Yesterday, our high temperature was 45F. Today, we hit 63F with bright sunshine. That’s pretty toasty-warm for February!
Predictably, this shrank our snowpack from about a foot to mere inches with large bare spots. We’ve lost snow in all of the locations where the sun shines directly and where the wind doesn’t bank the snow. The road also thawed, so the sound of dripping and flowing water was punctuated with the sound of the grader and dumptrucks struggling to keep Creek Road passable.
I took the opportunity to walk around the land as much as I could. I am interested in seeing what areas thaw and dry first. I also need to familiarize myself with the wettest areas so I can plan to exclude the sheep from those areas as long as necessary. I noted that water flows from the uphill side of the road, under the culvert, and across our land. It was rushing down the swale area and bouncing down the hill into the wooded area that we’d most like to clear for additional pasture. Good to know.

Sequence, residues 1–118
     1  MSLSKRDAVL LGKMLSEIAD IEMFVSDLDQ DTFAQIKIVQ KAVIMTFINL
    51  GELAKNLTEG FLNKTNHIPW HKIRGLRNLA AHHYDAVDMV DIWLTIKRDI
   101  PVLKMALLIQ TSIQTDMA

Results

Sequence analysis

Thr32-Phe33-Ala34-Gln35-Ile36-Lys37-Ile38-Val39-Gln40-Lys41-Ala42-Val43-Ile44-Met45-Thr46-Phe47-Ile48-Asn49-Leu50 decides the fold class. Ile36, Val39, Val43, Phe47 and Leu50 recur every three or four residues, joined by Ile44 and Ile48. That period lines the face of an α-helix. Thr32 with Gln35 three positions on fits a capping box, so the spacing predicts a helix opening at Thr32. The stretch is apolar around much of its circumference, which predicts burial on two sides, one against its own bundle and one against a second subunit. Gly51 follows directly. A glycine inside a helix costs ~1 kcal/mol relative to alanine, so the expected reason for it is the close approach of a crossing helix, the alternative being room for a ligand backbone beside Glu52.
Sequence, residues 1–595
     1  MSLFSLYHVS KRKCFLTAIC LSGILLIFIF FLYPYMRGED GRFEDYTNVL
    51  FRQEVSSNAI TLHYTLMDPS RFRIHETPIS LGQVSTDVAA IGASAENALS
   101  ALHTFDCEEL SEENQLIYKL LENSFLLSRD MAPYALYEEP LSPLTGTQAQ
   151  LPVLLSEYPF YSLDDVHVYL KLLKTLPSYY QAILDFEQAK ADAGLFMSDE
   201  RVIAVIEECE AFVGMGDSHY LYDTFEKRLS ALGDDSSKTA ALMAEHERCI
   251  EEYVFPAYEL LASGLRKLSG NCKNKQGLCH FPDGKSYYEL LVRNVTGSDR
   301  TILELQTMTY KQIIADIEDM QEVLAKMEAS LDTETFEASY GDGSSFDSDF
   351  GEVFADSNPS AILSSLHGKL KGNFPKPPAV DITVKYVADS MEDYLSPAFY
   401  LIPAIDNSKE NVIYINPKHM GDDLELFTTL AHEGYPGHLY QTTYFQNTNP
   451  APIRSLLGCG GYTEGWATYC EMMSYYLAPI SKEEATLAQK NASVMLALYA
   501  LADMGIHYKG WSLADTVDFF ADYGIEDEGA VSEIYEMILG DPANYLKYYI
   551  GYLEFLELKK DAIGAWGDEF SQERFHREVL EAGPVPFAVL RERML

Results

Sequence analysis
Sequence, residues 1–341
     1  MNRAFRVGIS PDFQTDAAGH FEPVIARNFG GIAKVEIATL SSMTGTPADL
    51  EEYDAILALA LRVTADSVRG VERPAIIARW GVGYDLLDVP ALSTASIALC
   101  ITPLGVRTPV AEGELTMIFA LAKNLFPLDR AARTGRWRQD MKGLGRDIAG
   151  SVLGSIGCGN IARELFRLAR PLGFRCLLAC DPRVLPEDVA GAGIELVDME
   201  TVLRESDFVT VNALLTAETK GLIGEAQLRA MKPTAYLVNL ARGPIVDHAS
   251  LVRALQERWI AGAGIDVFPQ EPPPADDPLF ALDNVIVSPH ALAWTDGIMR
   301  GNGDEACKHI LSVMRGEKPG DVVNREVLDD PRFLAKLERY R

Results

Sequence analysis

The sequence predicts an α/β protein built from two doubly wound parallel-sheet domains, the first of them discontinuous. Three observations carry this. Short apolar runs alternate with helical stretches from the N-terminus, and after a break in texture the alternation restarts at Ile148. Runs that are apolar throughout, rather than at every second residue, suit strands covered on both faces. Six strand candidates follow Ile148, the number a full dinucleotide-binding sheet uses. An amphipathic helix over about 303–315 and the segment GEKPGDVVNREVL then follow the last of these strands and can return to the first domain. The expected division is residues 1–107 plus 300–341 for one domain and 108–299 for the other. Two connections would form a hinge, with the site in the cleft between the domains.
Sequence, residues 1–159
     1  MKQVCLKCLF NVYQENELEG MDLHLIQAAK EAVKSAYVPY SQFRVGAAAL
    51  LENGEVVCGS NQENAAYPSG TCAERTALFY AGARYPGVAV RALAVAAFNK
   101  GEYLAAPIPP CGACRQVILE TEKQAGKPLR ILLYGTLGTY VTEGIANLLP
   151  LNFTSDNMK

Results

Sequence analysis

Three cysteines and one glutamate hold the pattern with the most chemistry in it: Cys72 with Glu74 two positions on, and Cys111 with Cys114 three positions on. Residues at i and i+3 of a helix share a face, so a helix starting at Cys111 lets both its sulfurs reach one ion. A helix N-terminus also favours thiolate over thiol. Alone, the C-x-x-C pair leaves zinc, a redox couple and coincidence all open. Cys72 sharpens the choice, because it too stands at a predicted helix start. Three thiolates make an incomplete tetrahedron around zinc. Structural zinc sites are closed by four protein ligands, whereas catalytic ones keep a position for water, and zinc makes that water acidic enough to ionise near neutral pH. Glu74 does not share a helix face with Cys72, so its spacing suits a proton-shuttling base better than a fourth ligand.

We also have a gentle stream that flows from our spring down to the little kettle where one of the sheep got trapped last year. The water here is flowing more slowly- I’m guessing this will stay wet longer than any other area.
As the day went on, the sunshine turned to a drizzly rain. I have been walking up and down the road trying to increase the numbers of steps I take each day to help prepare my foot for the busy season. I noticed areas of deep, squelching mud. Trucks coming by me weren’t outpacing my walking by much and struggled not to lose momentum on the extra-deep parts.
So it was no surprise when we noticed stationery headlights on the road. Matt took the Ford tractor out to have a look. He came back saying that some travelers from Massachusetts in a 4wd CR-V were stuck in the road. Matt was able to help them move their car back to pavement. We expect that the spring will furnish more such experiences as it comes.